Plaque Honoring Robert E. Lee’s Horse Removed At Washington & Lee University
Chuck Myers/MCT/Tribune News Service via Getty Images

Washington & Lee University, initially named Augusta Academy, then Liberty Hall Academy before being renamed for America’s first president George Washington and Confederate General Robert E. Lee, has removed the plaque honoring Lee’s famed steed Traveller.

The plaque was mounted over Traveller’s gravesite outside Lee Chapel, which is a National Historic Landmark. It read, “The last home of Traveller. Through war and peace the faithful, devoted and beloved horse of General Robert Lee. Placed by the Virginia Division, United Daughters of the Confederacy.” Last month, the university removed plaques from the room where Lee took his oath of office when he was inaugurated as president of the school in 1865 and his office from 1865-68.

“Traveller was a beloved part of the campus story,” Kamron Spivey, president of Students for Historical Preservation, told The College Fix. “People like to hear tales about animals because they do no wrong. That is how Traveller has been immortalized in campus history. He was a faithful horse whose beauty and loyalty Robert E. Lee said would inspire poets. Until this month, very few people seemed bothered by the horse.”

“Due to a misappreciation of Lee’s contributions and positive legacy as an educator, university officials think any reference to the man is detracting from student enrollment. Rather than confront the issue directly, they are trying to secretly hide their history from the world,” Spivey continued. “The university should keep the original markers. If the goal is to contextualize a historic site, there is no better place than the original location they were erected.”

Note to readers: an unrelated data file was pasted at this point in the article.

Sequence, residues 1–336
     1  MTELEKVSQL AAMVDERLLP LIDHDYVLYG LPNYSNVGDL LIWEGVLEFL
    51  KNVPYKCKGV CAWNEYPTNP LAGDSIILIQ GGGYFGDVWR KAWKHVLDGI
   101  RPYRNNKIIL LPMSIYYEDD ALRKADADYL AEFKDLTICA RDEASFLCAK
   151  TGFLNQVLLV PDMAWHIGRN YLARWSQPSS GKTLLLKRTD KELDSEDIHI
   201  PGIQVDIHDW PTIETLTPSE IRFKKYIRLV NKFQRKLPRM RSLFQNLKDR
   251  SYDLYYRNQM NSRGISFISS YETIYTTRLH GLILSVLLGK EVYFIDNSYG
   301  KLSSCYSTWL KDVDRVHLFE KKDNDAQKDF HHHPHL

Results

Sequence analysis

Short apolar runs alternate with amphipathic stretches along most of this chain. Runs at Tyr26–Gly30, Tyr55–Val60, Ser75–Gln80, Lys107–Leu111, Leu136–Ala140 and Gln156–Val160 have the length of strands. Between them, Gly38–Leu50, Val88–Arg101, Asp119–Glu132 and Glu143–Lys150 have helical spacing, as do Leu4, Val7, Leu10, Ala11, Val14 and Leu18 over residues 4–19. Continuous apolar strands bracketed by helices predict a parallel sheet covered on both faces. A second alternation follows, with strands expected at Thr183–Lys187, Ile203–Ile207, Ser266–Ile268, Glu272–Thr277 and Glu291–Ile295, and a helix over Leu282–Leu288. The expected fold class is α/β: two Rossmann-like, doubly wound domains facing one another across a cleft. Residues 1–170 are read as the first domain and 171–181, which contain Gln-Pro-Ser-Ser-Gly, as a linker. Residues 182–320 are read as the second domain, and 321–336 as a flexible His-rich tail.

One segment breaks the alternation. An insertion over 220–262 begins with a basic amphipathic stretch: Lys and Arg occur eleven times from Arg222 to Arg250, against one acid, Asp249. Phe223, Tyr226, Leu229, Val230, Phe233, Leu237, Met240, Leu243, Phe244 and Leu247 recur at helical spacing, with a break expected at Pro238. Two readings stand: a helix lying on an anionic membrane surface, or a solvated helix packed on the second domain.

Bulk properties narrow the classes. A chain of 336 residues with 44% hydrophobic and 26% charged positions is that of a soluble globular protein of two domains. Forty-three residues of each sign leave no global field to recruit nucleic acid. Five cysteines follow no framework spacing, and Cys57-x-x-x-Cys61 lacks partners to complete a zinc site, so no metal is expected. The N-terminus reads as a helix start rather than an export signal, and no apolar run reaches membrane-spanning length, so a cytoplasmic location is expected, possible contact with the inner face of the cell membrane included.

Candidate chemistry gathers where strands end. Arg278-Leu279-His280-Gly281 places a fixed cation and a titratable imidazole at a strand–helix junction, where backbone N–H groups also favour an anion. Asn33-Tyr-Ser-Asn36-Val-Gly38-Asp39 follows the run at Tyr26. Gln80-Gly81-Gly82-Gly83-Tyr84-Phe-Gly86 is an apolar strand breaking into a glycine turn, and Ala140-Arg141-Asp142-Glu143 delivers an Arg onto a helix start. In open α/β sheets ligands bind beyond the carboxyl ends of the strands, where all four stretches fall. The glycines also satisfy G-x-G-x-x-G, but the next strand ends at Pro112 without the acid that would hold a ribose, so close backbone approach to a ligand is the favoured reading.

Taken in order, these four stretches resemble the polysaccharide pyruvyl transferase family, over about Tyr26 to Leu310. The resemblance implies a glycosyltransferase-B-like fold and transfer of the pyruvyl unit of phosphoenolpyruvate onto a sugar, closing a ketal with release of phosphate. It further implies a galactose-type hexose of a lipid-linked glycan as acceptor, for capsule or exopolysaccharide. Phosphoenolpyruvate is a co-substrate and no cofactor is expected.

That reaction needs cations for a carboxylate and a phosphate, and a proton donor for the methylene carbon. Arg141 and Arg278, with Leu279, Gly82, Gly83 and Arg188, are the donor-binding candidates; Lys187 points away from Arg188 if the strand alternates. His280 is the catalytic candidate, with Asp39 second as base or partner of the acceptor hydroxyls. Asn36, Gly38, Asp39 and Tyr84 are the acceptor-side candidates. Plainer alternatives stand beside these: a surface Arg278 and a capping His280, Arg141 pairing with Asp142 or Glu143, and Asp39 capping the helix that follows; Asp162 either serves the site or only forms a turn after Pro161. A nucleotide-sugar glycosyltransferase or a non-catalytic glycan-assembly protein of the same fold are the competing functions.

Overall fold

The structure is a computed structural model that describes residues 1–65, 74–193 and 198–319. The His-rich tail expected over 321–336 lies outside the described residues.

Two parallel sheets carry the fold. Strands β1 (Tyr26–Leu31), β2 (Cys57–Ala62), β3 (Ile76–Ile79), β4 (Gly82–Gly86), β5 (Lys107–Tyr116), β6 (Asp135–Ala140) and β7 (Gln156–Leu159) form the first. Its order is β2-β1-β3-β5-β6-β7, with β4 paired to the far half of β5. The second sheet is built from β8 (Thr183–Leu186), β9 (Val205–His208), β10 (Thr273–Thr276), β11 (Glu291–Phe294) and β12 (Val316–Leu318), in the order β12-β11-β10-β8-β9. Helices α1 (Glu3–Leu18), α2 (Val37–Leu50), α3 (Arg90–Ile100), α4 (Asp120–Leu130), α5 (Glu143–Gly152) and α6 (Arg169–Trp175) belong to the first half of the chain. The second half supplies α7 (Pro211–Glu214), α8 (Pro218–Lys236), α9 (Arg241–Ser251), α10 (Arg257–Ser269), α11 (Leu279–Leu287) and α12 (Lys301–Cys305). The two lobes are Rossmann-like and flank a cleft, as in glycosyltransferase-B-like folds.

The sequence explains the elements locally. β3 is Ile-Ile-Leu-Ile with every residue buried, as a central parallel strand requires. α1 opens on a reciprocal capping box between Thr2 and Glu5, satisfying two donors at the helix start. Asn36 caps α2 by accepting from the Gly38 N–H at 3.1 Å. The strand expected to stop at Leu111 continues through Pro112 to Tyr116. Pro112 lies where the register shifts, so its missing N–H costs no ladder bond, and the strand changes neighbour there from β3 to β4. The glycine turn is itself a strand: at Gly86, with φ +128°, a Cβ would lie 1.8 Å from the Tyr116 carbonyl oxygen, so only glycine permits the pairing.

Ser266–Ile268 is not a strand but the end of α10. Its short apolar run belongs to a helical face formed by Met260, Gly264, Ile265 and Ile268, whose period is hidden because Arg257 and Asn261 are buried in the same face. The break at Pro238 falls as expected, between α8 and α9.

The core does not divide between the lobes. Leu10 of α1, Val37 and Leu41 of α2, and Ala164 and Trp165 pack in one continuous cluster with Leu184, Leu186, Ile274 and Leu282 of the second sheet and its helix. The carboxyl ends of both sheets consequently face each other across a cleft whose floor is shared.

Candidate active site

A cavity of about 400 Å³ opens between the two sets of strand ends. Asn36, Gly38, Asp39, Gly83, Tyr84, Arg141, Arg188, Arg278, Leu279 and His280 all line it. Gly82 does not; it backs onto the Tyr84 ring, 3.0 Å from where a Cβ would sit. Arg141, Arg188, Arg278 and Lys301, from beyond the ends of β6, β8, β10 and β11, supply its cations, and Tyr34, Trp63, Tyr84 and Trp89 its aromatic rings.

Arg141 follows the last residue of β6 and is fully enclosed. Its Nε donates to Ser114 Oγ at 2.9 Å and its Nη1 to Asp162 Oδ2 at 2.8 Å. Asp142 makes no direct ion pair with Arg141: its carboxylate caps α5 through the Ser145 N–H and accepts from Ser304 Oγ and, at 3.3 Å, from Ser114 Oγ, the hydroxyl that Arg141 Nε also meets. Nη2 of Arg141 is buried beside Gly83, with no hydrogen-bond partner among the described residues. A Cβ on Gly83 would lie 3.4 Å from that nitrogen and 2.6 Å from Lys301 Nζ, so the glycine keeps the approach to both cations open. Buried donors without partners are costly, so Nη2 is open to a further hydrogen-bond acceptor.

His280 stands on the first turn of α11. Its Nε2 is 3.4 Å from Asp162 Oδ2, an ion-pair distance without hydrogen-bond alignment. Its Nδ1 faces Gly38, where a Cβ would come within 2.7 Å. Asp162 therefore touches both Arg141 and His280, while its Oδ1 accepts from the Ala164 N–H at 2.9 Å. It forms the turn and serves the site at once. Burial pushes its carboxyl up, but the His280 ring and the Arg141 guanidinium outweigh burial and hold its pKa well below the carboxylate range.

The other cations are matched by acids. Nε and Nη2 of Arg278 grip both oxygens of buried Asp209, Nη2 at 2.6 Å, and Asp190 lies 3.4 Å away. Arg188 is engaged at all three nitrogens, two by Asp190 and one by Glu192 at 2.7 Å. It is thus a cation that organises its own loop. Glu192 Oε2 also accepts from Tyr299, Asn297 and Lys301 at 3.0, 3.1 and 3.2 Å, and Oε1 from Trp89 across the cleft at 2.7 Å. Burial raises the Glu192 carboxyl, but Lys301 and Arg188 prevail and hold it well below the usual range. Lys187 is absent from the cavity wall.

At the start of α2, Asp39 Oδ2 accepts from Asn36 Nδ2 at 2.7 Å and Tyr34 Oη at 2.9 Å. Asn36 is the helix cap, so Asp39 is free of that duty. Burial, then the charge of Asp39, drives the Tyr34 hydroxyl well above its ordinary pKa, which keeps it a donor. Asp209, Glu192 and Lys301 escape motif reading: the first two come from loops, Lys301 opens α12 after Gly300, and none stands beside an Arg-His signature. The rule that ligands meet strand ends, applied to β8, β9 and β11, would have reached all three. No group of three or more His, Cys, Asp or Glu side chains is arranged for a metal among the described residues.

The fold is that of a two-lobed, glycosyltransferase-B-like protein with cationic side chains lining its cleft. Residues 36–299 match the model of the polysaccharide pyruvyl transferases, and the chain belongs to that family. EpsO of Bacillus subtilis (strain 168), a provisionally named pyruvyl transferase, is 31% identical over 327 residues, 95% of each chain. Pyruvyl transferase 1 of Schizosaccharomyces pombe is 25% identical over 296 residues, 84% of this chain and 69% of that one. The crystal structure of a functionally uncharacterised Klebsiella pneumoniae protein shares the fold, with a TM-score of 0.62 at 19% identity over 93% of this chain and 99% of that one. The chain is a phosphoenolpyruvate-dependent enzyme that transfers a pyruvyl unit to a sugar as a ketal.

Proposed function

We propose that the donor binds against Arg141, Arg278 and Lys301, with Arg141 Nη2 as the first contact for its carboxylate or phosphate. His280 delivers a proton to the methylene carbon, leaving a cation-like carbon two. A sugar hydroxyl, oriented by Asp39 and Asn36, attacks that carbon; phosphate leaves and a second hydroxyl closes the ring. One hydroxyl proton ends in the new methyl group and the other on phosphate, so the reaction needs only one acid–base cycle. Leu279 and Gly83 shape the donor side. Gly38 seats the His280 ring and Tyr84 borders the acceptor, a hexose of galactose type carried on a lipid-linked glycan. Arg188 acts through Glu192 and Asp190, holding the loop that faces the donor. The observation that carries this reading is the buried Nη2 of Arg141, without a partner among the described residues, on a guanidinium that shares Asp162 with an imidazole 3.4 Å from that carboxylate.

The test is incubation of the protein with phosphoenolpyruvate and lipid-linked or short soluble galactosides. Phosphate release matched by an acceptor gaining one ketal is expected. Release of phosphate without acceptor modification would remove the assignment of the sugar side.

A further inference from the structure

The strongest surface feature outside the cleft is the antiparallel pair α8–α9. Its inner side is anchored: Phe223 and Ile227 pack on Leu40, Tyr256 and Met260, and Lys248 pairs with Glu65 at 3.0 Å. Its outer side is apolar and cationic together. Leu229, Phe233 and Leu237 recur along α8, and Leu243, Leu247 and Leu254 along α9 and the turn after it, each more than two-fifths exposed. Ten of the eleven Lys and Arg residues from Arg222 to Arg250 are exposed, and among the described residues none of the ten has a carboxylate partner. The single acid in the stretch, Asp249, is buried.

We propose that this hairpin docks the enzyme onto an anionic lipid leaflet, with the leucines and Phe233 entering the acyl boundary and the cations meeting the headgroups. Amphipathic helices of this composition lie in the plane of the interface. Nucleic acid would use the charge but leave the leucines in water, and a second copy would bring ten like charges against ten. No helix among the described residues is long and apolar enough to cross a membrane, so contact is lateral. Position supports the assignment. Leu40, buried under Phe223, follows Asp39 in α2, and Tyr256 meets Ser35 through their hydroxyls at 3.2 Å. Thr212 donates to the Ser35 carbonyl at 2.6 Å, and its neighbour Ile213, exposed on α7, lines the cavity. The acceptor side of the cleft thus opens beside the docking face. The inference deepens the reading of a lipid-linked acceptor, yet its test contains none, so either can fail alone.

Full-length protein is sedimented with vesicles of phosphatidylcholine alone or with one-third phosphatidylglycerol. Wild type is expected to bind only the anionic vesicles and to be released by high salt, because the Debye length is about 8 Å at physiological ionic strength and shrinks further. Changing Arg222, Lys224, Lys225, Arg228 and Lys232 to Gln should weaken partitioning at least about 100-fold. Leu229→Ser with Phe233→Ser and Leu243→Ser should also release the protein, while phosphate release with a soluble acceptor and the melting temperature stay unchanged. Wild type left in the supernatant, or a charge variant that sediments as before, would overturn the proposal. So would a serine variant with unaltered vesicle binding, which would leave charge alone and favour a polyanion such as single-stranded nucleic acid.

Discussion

Augusta Academy was founded in 1749 and moved several times before being renamed Liberty Hall Academy in 1776 as a tribute to the American revolutionaries. By 1796 the school was having financial trouble; U.S. President George Washington donated 100 shares of James River Canal Company stock — a huge donation at the time — which he had received as a gift from the Virginia General Assembly for recognition of his service to Virginia. It still contributes to the university’s operating budget.

The grateful trustees changed the name of the institution to Washington Academy. Washington responded, “To promote Literature in this rising Empire, and to encourage the Arts, have ever been among the warmest wishes of my heart.” In 1813, Washington Academy became Washington College.

Four months after Lee surrendered to Ulysses S. Grant at Appomattox, the Washington College board of trustees invited Lee to become president of the college. Over the next five years, Lee “incorporated the local law school; instituted undergraduate courses in business and journalism; introduced modern languages and applied mathematics; and expanded offerings in the natural sciences,” the university’s website states, adding, “Lee also endorsed a lasting tradition of student self-governance, putting the students in charge of the honor system that the faculty had previously overseen.”

After his death in 1870, the faculty asked for the college to be renamed in Lee’s honor, thus creating Washington and Lee University.

The University’s Board of Trustees wrote in 2021, “Our community holds passionate and divergent opinions about our name. The association with our namesakes can be painful to those who continue to experience racism, especially to African Americans, and is seen by some as an impediment to our efforts to attract and support a diverse community. For others, our name is an appropriate recognition of the specific and significant contributions each man made directly to our institution.”

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